There’s a big difference here between the attitude toward ethical behavior which is that as long as I don’t hurt anybody by what I do, it’s okay; I want to avoid hurting others, causing harm to others – that’s one attitude which is characteristic, I think, of Western humanitarianism – and the Buddhist attitude. It’s not saying that there’s anything wrong with that. The only thing is that you can’t guarantee what the effect is of our behavior on others. We could steal something from them, and they’re very happy that we stole it, because it was in a horrible condition and they can collect the insurance. So, of course, we develop love and compassion in Buddhism. So, of course, we don’t want to harm others. But here the main emphasis is on: I don’t want to do anything that limits my ability to help others. That is, I think, a little bit deeper, a little bit more – when I say the word “profound,” I don’t know if that’s really fair to say, but this is the main emphasis here in the discussion of karma in Buddhism. Because it fits in, all together, with this whole spiritual path of working toward enlightenment, that we’re trying to be able to help others as fully as is possible. 

In terms of our daily behavior, the relevance is, I think, more strongly – if we want to do this in a Mahayana way – that if I act destructively, and so on, I’m always bragging about myself, doing these sort of things, nobody is going to trust me and how can I really help anybody? If I’m always cheating others, how can I really help anybody? And so on. Or, more specifically, if I am experiencing the results, the ripening, what’s ripening from karma, which is that – to use our example – nobody stays with me, relations break, and so on, how can I actually really help others? Say if I’m a teacher, or so on, that my students never will stay with me; they will always leave. So that motivates you much more strongly. Now I’m going to stop criticizing others, and so on, and speak about the good qualities of others.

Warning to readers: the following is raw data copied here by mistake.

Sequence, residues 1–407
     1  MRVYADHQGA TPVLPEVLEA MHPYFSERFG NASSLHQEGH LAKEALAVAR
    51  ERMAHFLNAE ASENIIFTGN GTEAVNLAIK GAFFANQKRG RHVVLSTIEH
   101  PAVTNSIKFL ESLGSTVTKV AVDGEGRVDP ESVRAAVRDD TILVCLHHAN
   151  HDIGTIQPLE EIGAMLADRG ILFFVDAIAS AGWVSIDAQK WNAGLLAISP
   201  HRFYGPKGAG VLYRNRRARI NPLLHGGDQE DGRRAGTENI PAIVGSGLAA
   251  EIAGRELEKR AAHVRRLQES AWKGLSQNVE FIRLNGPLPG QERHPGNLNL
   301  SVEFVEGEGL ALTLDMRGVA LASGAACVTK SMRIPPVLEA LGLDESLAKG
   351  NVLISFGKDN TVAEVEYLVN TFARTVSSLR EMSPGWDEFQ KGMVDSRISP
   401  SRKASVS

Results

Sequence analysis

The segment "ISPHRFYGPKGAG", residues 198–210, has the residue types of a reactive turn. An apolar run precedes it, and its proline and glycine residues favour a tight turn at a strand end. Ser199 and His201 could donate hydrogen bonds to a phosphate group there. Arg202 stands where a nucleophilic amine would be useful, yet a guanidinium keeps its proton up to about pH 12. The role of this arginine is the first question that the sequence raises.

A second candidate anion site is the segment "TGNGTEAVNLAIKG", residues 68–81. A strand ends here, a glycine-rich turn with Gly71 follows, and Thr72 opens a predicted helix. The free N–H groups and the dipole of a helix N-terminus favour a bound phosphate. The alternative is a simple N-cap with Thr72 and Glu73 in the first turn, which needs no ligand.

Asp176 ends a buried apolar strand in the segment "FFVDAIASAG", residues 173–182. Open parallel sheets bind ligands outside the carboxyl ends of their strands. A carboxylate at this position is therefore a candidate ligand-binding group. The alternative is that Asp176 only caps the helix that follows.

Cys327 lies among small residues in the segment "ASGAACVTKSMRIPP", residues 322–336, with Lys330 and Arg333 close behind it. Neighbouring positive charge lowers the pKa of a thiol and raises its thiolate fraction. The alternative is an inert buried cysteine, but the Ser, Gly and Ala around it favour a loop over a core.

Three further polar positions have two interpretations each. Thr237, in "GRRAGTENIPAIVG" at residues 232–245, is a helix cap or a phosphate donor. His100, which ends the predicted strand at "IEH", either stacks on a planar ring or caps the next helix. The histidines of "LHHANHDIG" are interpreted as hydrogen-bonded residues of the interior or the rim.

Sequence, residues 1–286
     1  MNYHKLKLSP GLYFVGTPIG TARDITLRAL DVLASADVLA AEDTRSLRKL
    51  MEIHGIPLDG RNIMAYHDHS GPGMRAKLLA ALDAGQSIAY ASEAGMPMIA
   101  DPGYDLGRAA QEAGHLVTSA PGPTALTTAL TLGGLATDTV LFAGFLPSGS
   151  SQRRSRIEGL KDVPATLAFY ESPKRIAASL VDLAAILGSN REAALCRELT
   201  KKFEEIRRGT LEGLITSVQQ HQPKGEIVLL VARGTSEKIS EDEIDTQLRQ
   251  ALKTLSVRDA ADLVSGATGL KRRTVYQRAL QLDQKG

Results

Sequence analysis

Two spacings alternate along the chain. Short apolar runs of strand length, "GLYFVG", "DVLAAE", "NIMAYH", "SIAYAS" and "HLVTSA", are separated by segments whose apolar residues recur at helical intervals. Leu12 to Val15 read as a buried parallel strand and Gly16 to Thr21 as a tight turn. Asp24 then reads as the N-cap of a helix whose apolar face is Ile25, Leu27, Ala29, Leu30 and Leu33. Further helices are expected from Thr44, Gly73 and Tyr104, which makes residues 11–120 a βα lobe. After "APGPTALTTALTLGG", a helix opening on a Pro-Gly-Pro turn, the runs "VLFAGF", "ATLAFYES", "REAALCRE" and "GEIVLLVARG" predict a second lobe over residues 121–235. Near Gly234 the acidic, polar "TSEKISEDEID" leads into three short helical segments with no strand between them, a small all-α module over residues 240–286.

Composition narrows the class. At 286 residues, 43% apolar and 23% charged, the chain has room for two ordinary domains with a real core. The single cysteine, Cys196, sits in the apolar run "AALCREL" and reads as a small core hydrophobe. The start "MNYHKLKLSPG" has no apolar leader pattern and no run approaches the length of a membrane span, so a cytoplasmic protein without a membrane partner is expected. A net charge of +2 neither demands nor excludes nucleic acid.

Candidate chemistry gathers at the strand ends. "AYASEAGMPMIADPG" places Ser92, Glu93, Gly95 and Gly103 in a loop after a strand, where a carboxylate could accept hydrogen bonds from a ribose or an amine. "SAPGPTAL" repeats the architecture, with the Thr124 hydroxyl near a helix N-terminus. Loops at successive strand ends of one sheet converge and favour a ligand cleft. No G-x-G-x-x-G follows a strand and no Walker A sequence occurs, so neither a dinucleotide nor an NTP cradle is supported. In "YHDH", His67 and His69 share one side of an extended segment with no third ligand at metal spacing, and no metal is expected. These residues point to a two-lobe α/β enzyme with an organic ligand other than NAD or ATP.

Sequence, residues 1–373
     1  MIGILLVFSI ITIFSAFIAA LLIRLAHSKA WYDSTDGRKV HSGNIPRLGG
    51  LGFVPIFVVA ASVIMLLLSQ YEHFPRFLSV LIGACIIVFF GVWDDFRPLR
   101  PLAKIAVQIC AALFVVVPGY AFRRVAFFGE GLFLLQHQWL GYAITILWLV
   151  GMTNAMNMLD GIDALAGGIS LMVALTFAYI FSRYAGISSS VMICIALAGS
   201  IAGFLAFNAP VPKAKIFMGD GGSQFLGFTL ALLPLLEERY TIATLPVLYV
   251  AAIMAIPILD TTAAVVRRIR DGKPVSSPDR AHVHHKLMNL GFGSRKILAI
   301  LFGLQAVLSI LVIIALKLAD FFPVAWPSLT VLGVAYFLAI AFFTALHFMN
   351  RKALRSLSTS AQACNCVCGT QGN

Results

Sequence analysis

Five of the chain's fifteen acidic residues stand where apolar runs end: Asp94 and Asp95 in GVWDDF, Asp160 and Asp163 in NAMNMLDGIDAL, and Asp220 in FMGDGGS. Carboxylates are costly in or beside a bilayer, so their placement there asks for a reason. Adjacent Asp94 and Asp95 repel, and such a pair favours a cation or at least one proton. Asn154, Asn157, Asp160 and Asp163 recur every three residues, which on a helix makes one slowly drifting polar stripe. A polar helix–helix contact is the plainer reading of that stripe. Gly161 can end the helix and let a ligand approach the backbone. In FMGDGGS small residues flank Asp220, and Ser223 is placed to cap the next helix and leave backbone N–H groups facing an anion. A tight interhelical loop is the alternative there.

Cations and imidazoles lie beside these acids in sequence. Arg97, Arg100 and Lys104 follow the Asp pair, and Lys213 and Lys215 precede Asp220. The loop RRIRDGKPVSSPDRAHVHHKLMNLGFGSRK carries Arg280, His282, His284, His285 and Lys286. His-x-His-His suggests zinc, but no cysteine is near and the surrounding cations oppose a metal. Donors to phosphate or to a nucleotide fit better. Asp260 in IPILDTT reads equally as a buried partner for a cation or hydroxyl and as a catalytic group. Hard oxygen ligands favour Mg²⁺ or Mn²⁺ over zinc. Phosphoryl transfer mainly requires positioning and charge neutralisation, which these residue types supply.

The last point that I want to mention is in Vasubandhu’s text on Abhidharmakosha (the Treasure-House of Special Topics of Knowledge). Vasubandhu was a great Indian master. He mentions that there are two types of mental factors that are always present with any constructive action. Although Asanga, in his text, defines these mental factors in one way, we need to understand these factors in the way that Vasubandhu himself defines them. The first of these factors is to have respect for good qualities and those who have them. The second is refrain from being really – “brazenly” is the word – destructive. “Brazenly” means you just don’t care. I’m not going to exercise any self-control. I just don’t care and so I don’t refrain at all from doing some destructive behavior. I just do whatever I feel like doing. 

So here, if it’s constructive behavior, I refrain from that. If it’s destructive behavior, I’ve no respect for anything positive or people who are positive, and I don’t exercise any self-control. And if it’s constructive, I do have respect for positive things and those who are positive, and I do exercise self-control. I just don’t act brazenly destructive. This reminds us, perhaps, of “it just feels right.” 

This indicates in our daily life what we need to try to emphasize, remind ourselves of, reaffirm – that I do have great respect for good qualities, like patience, and kindness, and so on. I do have great respect for those who are like that. It’s very inspiring for me. And I do want to exercise some self-control, and not just be – not care what I do, and just act completely destructively and horribly. 

In short, in terms of acting constructively, we don’t do that on the basis of: I want to be good. I want to be a good boy or a good girl. I don’t want to be bad. That’s not the basis. But rather, we act constructively on the basis of this respect for good qualities and those who have them, and it feels right to refrain from just acting openly destructive without any self-control – just do it.

Original Audio from the Seminar